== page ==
GO Home Maine’s 1st Certified Passive Home

A little red house in Maine is getting a lot of attention. The GO Home, built by architecture and construction firm G•O Logic, was just awarded the 2011 LEED for Homes Project of the Year Award by the U.S. Green Building Council. But that’s not all. The house is also the state’s first certified Passive Home.

The 1,500 square-foot home was given the Council’s highest Leadership in Energy Design designation: platinum. Some of the design elements of the home include solar panels, a heat recovery ventilation system and finishes made from local workers.

Via GO Logic

The home has also been designated as a certified Passive Home under the German Passive House Standard. The Passive House standard requires 86 percent improvement on a home’s space heating loads compared to the average home. Annual heating costs for The GO Home are estimated at a mere $300, and it is also only the 12th Passive House in the entire United States.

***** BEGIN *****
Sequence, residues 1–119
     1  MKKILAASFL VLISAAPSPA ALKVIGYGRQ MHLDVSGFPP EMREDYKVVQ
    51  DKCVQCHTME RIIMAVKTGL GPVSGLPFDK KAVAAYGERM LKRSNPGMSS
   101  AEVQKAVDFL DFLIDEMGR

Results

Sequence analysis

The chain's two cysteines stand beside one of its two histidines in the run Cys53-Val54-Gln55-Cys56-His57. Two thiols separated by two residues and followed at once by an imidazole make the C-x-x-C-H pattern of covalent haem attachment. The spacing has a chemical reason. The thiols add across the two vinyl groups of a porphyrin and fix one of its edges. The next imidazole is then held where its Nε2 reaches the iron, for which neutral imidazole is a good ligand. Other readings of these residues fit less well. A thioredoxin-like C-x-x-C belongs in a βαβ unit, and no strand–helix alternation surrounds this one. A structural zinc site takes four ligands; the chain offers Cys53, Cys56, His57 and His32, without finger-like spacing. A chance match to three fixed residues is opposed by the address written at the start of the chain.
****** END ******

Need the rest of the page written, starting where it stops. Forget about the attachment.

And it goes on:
Equally impressive is the affordability at which the designers were able to build the home. G•O Logic was able to complete the home for just $160 per square foot, for an overall cost of $240,000. Taking advantage of its rural setting, the Go Home also includes design elements like wood and aluminum clad windows from Germany, a timber frame from Maine and cabinets made from local woodworkers.

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Kristy Hessman is a writer and native Oregonian who currently resides in California. Before starting her own company, she worked as a reporter covering business and politics for daily newspapers and The Associated Press.

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